Simple Line Charts: Line charts are the simplest sort of chart to understand. These charts do nothing more than plot a line. This can provide a decent grasp of price activity over lengthy periods of time, but it does not provide the required insight that traders demand during shorter periods of time, as shown below.



Bar Charts: Bar charts, like line charts, contain relatively little information that traders who are actively trading will require. For any given period, they display only the open price and the close price, and that's all there is to it. Assuming the chart is a daily chart, you will notice that each bar corresponds to a single 24-hour period.



Trading with Candlestick Charts: Candlestick charts are what the majority of active day traders will use to help them establish a foundation for entering a trade. Four pieces of information are contained within a candle stick. Prices at the start of the trading day and at the end of the trading day, as well as the high and low of the trading day It is possible for candlesticks to take on shapes that communicate market emotion when these four pieces of information are combined. In the case of a candle that started out at 10.00, reached a peak of 10.50, closed at 9.90, and reached a low of 9.90, the candle will appear very weak or bearish. The stock had a jump in value, but was unable to maintain those levels and was forced to sell off. It seems unlikely that a basic line chart or bar chart would have been able to express the same message to us.



Doji Candle Sticks: A doji candle stick is distinguished by the presence of a lengthy upper wick or lower wick. The wick represents the high or low point of the day. Dojis have smaller bodies than winning candles, which indicates that the open and close prices were relatively close to each other. This set of candles is regarded as a set of candles representing indecision.



Hammer Candle: A hammer candle is a candle that appears at the bottom of a long downtrend and has the appearance of a hammer. It has a long lower wick (similar to a doji), which serves as the handle of the candle. The hammer, which is a little body on the top, swings down from the top. This is referred to as a stock hammering out the base of the stock. This is due to the fact that the candle wick indicates that, despite the fact that the price sank, it surged back up swiftly!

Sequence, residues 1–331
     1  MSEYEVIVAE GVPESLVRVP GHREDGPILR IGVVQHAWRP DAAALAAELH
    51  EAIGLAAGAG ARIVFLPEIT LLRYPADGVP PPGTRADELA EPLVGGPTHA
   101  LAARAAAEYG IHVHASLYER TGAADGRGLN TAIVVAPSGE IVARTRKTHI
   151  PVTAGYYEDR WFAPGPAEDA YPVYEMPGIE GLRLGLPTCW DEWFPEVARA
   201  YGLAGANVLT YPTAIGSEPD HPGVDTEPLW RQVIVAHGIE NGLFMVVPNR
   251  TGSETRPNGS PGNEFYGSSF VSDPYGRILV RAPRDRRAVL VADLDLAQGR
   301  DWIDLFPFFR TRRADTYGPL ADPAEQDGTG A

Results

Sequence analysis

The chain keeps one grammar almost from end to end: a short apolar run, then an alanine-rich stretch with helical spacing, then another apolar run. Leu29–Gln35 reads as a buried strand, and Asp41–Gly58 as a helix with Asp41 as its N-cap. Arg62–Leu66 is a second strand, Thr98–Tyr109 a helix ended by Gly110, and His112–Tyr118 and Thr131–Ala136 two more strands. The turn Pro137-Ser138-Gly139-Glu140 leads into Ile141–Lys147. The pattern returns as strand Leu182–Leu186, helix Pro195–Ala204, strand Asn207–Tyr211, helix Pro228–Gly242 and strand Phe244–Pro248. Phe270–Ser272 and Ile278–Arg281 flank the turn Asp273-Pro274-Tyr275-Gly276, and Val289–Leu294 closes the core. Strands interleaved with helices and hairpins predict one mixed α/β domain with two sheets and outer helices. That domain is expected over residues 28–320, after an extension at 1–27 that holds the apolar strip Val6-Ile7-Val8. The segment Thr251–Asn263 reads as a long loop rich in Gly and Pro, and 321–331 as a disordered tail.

Hammer Candle (Inverted): An upside-down hammer candle that occurs at the peak of a bullish trend is known as an inverted hammer. This candle, like the standard Hammer Formation, demonstrates that the stock was squeezed higher, but was unable to retain those high values and was forced to sell off. A turnaround of fortune may be on the horizon. Many other designs can be formed by placing multiple candle sticks close to each other, such as Flat Top Breakouts, Bull Flags, and Bear Flag patterns.



Chart Time Frames: Traders have the option of using a variety of chart time frames. When it comes to time frames, I personally prefer the 5min time frame, which I have discovered to be the most popular among day traders. I also use the 1 minute time frame for quick entries, and the daily time frame to gain a better understanding of a stock's overall history.



Stocks that open higher or lower than they closed the previous day are known as GAPS on the daily chart. This occurs when there is breaking news or some other type of catalyst that occurs overnight.



Price Action Technical Indicators: Technical indicators, also known as studies, assist us in interpreting the current price action. Because they trail somewhat behind the price action, Candle Stick Patterns will almost always be more beneficial than technical indicators in most situations.



Moving Averages are a technical indicator that indicates the average price of a stock over a period of time. They are used to calculate the price of a stock over a period of time. Simple moving averages and exponential moving averages are two types of moving averages. An Exponential Moving Average (EMA) is a price indicator that weights recent price action more heavily than older price action. As a result, the moving average will move faster in response to recent changes in price. On my charts, I make use of Exponential Moving Averages.



Relative Strength Index (RSI): The Relative Strength Index (RSI) is an oscillating indicator that fluctuates between zero and one hundred points. It is possible that a stock with an RSI of 0 has been oversold and is due for a rebound. In this case, the stock is severely overbought and may be due for a reversal in the near future. If this indication is used in conjunction with candlestick patterns, it can be a very useful tool.



MACD: The Moving Average Convergence Divergence (MACD) indicator is another oscillating indicator that may be used to determine the direction of the market. Distance between moving averages is measured using this method. Stocks move swiftly if the moving averages are moving apart; if the moving averages are moving close together, a stock has changed direction and is returning to balance. If they are close together, it indicates that the stock is not moving in any significant way.



A standard deviation is used to offset the moving averages in Bollinger Bands, which are used to trade stocks. As a result, the top and bottom bands will account for 95 percent of all price movement. Some traders seek for companies that are trading outside of their Bollinger Bands since this suggests that the market is experiencing an extreme condition (5 percent status). The premise here is that these equities are extremely overbought and are due for a reversal. When used in conjunction with the RSI and candlestick patterns, this can assist us in identifying promising stocks for reversal tactics.